A Mutation called D222G in a protein found in H1N1 virus may have caused many of the fatal and severe cases of virual pneumonia that occurred post H1N1 infection. According to a World Health Organisation report, the D222G mutation was found in less than two in every hundred cases of 2009 pandemic flu, but was responsible for around seven in every hundred deaths.
The new research shows that flu virus with the D222G mutation can bind to a broader range of receptors in the airway, including receptors that are present on cells called ciliated cells. These cells, found in the lining of the airway, have hair-like projections called cilia. The cilia sway back and forth to move mucus with trapped particles upward toward the mouth, and this is normally swallowed or coughed up. When ciliated cells become infected, the cilia stop moving and this vital clearance function is impaired. Inhaled viruses and bacteria can then reach the lung more easily, where they can potentially cause pneumonia.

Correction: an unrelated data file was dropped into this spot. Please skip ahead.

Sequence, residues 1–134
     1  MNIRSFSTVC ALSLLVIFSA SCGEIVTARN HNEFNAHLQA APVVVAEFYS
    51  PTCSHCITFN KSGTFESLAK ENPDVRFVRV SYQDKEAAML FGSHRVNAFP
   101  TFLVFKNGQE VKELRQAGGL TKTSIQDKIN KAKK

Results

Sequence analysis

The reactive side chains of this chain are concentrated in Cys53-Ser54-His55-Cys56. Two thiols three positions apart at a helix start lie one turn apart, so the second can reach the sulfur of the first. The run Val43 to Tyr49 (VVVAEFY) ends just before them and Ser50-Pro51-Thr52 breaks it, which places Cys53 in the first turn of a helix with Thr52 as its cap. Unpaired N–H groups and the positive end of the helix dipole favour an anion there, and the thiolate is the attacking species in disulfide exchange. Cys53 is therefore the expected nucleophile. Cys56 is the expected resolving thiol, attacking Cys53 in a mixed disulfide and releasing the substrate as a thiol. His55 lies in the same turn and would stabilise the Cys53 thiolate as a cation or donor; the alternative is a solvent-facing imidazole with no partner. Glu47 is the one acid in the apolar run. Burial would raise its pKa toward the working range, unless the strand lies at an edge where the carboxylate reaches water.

The mutant virus has an increased capacity to infect ciliated cells, as shown by the collaborating group at the University of Marburg. Infection of the ciliated cells would sabotage the lungs’ clearing mechanism and could be one factor that made the D222G mutation more virulent, the researchers suggest.
The way scientists establish this is very interseting – Professor Feizi and her team study the receptor specificity of different flu viruses by attaching onto a glass surface a range of different carbohydrates, resembling the receptors present on the surface of airway lining cells. The virus is then incubated on top of the glass surface, and using a fluorescent dye, the researchers can see the receptors on the plate to which the virus binds.
This is an important finding not only because it can explain how the 2009 swine flu epidemic caused lung infection in select patients and that too in varying degrees of severity, but also it can provide scientists a way to study how the variants will affect future epidemics or pandamics. If D222G mutation is more widespread than in 2009 virus, it could have had devstating consequences along the lines of the 1918 pandemic. Understanding more about the virus and mutations like D222G better prepares us in combating.